Draupadi made her husbands dependent on her. She was the reliable one, consistently trustworthy. With her around, they had to worry about nothing. With her by their side, the Pandavas gathered the courage to ask the Kauravas for their half of the family property. In exchange Draupadi got what she wanted: absolute control over the Pandava household; no other woman (each Pandava had many wives) was allowed to live in their palace or enter her kitchen. A successful subordinate is like a Draupadi, who ensures that the boss does exactly as he wishes – all the while making the boss feel it is his decision.

Each of Draupadi’s husband had a different personality: Yudhishtira was self-righteous, Bhima was volatile, Arjuna was insecure, Nakula was narcissistic and Sahadeva, intellectual. That each one was devoted to her indicates she was successful in being what each one of them wanted her to be. She could not have done this if she behaved the same way with each one. She clearly flexed her style repeatedly, behaving in five different ways for the five very different brothers. But how she did what she did is never revealed, for Draupadi never let anyone, not even the storyteller, into her bedchambers when she was with one husband. What transpired between her and each of her husbands was not meant for public consumption. Secrecy in boss-subordinate relationship is critical; no one else, least of all other bosses, must know how the others are being managed. One can only assume that Draupadi adored her husbands for what they were, as a good subordinate is supposed to adore even the most insufferable of his bosses.

The Virata Parva is the chapter describing the final year of the forest exile, when the Pandavas and their common wife had to live disguised as servants in the palace of king Virata. In it, one discovers how Draupadi used the different personalities of her husbands to her advantage. Virata’s lout of a brother-in-law, Kichaka, publicly abused Draupadi but Yudhishtira, witness to his wife’s humiliation, refused to help. Be prudent, he said, We cannot risk discovery till the year is over. Draupadi was not angry with her first husband; he had behaved predictably. She went to another husband who would avenge her humiliation. Not her favorite, Arjuna, who would never disobey the elder brother, but to the powerful Bhima. Bhima would, when goaded enough, do whatever Draupadi asked him to do, even kill Kichaka, or drink the blood of the Kauravas, paying little heed to Yudhishtira, or other such rules of social propriety.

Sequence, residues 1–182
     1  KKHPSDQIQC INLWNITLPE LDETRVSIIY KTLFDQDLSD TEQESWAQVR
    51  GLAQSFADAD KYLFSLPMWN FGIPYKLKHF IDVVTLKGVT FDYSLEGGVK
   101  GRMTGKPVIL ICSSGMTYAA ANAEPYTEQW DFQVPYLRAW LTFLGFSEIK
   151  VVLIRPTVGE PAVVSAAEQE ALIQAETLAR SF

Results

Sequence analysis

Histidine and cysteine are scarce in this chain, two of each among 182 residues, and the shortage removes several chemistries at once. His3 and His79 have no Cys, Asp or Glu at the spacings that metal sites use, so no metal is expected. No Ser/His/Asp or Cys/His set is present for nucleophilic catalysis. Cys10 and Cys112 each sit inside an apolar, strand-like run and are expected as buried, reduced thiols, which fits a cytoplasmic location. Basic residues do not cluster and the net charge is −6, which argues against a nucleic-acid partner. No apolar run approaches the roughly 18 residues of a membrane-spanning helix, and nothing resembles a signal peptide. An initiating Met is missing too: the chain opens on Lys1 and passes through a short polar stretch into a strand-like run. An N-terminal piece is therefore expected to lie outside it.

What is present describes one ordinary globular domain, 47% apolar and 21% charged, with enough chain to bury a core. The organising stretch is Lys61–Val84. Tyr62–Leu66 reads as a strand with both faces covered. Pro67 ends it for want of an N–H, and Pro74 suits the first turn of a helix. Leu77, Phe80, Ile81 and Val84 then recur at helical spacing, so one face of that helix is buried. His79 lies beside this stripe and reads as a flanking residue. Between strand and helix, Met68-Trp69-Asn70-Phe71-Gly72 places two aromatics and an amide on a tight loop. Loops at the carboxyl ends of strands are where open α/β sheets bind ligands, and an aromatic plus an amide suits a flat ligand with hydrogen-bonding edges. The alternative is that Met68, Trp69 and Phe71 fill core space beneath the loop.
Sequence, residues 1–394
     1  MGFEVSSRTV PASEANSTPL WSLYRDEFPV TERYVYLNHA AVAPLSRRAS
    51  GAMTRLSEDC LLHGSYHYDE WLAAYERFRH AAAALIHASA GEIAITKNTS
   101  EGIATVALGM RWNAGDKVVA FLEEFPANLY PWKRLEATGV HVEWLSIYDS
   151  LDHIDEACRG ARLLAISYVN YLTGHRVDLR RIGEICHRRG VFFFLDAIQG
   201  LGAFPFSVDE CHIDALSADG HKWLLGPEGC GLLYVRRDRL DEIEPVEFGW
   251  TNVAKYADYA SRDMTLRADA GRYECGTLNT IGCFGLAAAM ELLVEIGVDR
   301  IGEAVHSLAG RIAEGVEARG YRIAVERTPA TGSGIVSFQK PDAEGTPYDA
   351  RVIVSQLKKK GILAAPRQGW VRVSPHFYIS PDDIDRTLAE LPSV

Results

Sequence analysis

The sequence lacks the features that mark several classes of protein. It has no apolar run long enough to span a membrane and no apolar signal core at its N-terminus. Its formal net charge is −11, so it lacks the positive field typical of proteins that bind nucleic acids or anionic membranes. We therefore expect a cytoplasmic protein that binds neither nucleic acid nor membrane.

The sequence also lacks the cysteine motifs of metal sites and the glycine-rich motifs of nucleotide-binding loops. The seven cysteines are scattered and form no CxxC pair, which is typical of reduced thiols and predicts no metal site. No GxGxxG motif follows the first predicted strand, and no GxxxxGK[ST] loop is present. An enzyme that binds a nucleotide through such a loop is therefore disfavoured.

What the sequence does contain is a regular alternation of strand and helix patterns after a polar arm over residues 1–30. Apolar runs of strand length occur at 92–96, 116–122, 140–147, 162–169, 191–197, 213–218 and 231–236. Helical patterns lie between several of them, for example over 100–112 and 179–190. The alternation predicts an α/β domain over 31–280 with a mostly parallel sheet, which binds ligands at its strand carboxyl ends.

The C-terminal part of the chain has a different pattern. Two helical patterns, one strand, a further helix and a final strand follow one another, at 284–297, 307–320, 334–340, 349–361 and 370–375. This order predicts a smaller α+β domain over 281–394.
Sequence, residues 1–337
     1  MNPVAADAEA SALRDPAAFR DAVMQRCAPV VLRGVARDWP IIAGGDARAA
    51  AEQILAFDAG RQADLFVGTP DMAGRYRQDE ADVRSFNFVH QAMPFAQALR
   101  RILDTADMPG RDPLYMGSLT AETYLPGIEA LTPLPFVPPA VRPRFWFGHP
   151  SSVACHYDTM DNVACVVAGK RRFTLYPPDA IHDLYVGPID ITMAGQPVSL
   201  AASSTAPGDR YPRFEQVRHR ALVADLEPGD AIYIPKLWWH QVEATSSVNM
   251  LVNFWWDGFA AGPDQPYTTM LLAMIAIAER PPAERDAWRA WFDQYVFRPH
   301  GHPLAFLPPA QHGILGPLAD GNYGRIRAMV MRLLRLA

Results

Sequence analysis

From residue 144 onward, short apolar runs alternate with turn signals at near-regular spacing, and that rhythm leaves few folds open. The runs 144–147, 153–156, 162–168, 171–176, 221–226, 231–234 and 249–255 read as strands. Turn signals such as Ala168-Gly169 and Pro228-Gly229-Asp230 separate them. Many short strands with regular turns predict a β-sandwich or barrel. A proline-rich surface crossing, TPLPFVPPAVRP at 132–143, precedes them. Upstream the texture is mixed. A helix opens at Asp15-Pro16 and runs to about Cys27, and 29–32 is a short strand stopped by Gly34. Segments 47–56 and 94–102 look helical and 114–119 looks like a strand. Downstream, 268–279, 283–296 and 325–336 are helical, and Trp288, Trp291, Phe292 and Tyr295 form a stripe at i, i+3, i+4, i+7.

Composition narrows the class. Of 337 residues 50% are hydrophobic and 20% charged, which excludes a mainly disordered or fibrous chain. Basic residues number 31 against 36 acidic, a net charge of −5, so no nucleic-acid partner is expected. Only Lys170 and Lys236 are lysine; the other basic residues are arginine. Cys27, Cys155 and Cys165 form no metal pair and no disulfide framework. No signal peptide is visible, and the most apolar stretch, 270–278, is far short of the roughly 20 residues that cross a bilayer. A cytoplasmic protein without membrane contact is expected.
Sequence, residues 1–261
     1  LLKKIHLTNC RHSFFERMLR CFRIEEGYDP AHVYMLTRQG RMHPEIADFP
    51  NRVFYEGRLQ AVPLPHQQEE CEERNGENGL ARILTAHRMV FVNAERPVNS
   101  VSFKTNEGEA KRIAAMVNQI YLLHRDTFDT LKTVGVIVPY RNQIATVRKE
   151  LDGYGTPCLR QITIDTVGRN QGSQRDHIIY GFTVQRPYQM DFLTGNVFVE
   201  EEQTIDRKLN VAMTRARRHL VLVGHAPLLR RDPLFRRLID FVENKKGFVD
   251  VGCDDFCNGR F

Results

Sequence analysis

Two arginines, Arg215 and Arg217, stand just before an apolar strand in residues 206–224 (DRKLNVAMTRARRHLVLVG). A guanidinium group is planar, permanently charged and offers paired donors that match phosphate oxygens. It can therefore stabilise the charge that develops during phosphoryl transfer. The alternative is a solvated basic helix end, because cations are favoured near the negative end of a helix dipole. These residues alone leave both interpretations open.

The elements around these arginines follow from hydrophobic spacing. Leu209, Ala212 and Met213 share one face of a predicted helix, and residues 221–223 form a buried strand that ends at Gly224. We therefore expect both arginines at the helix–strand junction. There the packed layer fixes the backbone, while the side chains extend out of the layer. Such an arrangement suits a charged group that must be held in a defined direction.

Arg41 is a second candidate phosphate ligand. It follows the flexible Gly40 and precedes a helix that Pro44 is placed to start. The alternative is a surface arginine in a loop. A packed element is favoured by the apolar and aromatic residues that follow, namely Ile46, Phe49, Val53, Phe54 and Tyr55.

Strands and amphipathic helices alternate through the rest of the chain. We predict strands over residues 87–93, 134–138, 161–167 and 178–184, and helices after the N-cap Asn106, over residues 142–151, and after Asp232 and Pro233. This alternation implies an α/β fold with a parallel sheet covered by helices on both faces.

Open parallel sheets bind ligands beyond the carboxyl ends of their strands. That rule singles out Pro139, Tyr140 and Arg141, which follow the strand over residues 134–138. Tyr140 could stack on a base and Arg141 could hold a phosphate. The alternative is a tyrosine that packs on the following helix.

Is Draupadi the ideal subordinate? Every boss will say, No! Who would want an intelligent and manipulative and powerful subordinate? People always prefer a subordinate like Sita – the faithful and submissive wife of Ramayan’s Ram, who endures all silently and never speaks against her husband. A contrast from Draupadi who screams when abused, who demands vengeance, who publicly humiliates her husbands when they do not come to her aid and who does not shy away from telling her five husbands they have failed to satisfy her, individually or collectively.  So if you feel, at the end of this article, you want to manage your boss or your bosses, as Draupadi managed her husbands, there is one golden rule you must keep in mind – be like Draupadi, but always behave like Sita.